How To Engage Team Members In Decision Making

Done right, decision-making by consensus can help build an efficient team and also improve the quality of decisions. Bob Urichuck shares how

As a leader you need to find alignment between your team members’ goals and aspirations and the performance and results you count on them contributing

Who doesn’t want a high performing, loyal and results-oriented team? Can you see yourself as their leader?

While some are getting the cheers and congratulations, it’s a fast-changing world where commitment can be hard to come by. To foster that you need to engage and empower team members. It is through their answers—answers they own—that you get commitment. Commitment leads to carrying through—by others—as you are just the leader, not the doer. It is not about you, but all about the team members.

As a leader you need to find alignment between your team members’ goals and aspirations and the performance and results you count on them contributing. The following points will help you ‘work on the process’ so you can ‘enjoy the result.’

Preparing to lead a team effectiveness meeting

A full-day team effectiveness meeting is a must. But what does it include? How do you prepare?

As a leader, first to yourself and then to others, you should have the desire to make things easy for everyone. One of the key characteristics of successful leaders is their ability to facilitate. Facilitation is any activity that makes tasks easier for others. Facilitation is used in business and organisational settings, and in consensus decision making, to ensure the designing and running of successful meetings and workshops.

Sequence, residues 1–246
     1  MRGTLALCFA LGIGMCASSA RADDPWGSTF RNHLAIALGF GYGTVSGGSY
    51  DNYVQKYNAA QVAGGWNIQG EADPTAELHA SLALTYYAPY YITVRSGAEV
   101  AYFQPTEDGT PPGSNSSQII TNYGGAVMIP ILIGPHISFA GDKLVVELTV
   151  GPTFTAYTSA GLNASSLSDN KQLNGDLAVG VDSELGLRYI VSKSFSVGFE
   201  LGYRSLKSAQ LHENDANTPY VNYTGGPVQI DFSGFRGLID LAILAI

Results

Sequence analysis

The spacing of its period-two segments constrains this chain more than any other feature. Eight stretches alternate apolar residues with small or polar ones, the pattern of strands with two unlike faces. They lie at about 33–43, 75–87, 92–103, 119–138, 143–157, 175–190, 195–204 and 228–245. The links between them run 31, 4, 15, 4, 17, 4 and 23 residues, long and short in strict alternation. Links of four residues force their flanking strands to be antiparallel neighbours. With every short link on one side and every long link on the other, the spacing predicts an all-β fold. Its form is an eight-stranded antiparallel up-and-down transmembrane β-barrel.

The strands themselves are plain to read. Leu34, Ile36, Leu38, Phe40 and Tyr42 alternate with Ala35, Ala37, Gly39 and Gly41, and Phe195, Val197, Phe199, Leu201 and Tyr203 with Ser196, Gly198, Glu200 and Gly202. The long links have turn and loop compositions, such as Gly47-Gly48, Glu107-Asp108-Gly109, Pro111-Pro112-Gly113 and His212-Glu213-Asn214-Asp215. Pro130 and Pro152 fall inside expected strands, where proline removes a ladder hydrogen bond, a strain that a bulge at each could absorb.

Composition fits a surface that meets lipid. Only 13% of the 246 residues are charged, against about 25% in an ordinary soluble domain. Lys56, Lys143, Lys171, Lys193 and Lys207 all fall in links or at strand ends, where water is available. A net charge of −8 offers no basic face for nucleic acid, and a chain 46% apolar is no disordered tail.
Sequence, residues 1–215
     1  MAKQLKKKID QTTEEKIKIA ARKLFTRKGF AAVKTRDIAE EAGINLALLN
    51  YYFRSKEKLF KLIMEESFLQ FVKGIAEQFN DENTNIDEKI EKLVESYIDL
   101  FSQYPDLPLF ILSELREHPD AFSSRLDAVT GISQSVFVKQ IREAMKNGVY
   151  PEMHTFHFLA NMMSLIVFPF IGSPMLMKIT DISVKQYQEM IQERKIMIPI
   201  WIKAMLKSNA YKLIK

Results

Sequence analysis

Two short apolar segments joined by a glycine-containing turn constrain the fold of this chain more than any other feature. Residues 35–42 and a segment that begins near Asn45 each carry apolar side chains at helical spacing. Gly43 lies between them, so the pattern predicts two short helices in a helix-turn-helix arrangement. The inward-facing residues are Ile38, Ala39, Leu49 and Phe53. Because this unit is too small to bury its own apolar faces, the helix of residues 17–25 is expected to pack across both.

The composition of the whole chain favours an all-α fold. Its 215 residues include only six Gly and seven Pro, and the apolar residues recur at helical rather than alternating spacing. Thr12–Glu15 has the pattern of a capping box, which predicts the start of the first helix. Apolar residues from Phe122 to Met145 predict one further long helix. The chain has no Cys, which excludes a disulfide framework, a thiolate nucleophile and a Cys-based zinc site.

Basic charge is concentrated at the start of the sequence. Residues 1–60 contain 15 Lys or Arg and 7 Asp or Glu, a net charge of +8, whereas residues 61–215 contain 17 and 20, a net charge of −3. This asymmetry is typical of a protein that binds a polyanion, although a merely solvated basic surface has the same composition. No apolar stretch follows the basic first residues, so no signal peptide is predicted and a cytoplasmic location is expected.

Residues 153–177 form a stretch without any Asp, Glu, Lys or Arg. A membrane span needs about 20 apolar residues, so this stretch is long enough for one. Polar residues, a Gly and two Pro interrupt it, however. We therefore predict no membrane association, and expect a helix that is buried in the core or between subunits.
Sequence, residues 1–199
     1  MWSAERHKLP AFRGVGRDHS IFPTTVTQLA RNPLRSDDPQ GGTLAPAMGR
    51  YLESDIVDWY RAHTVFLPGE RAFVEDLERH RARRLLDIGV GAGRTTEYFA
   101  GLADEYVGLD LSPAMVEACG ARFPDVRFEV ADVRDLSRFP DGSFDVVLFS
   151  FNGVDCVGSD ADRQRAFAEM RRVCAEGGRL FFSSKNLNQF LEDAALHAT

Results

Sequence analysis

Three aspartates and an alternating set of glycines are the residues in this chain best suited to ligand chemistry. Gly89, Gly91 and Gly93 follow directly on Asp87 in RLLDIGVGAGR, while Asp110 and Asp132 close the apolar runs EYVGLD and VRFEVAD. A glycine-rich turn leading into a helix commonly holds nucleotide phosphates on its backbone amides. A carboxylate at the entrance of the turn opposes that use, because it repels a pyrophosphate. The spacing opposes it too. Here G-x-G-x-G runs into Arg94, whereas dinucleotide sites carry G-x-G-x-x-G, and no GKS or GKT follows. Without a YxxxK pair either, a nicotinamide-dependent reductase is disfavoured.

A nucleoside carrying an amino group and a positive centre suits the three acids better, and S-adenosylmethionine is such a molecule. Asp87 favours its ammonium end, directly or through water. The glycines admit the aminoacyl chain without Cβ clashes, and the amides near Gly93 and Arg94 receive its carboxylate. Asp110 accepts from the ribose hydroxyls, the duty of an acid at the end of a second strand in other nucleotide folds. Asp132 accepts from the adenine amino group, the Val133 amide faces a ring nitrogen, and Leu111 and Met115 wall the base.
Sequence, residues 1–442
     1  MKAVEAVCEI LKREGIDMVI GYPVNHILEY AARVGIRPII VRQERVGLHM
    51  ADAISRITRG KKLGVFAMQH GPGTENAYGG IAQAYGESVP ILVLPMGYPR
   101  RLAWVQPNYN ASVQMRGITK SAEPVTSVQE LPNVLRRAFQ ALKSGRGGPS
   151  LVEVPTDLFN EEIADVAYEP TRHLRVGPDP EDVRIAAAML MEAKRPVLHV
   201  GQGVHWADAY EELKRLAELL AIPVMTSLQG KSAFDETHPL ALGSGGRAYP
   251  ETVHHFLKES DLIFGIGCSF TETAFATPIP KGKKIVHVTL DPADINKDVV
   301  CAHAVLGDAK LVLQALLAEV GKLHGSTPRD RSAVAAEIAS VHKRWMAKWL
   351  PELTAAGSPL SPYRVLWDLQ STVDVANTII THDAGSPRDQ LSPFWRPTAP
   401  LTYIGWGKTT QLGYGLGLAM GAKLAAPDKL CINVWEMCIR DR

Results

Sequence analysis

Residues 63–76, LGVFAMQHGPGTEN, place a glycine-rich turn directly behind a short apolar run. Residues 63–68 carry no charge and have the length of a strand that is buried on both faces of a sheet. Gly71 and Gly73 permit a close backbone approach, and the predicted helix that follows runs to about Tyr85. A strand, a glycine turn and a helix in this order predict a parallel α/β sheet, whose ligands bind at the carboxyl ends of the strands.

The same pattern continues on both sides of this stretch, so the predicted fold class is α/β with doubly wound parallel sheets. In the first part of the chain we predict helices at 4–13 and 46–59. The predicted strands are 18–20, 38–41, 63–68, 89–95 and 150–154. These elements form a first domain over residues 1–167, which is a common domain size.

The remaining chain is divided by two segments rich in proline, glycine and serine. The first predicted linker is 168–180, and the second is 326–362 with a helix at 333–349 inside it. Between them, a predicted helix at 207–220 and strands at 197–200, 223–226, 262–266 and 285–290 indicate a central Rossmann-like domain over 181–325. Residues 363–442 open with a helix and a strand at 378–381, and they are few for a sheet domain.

Facilitation serves the needs of any group who are meeting with a common purpose, whether it be making a decision, solving a problem, or simply exchanging ideas and information. It does not seek to lead the group, nor does it try to distract or to entertain.

A slightly different interpretation focuses more specifically on a group that is engaged in experiential learning – learning from the experience. We will be making use of both, as we want to make it easy for you and your team members to develop an owner’s mentality, become more self-motivated and to create the ideal work environment.

First up is learning how to become an effective facilitator and to become skilled at conducting a compelling meeting. Let’s break it down starting with how you and your team will approach decision making.

How do you approach decision making?

While working in the corporate world I realised how quickly I became demotivated when I was told what to do. It was as if I did not know my job, was not trusted, engaged,or empowered, which are all necessary elements to create a high performing team.

Think about yourself for a moment:

  • How do you like to be managed?
  • Do you prefer to be told what to do, or do you prefer to be asked?
  • Which is more empowering to you?
  • How do you think your team members want to be managed?
  • Did you not hire them, or inherit them, for their expertise?
  • Who should know their job best, you or them?
  • Should you not be consulting them, instead of telling them?

This is where the change has to begin in order to engage and empower your team members, and to get them involved in decision making. This requires trust in yourself and in your team members.

Trust is the essence of all human relationships—personal or business.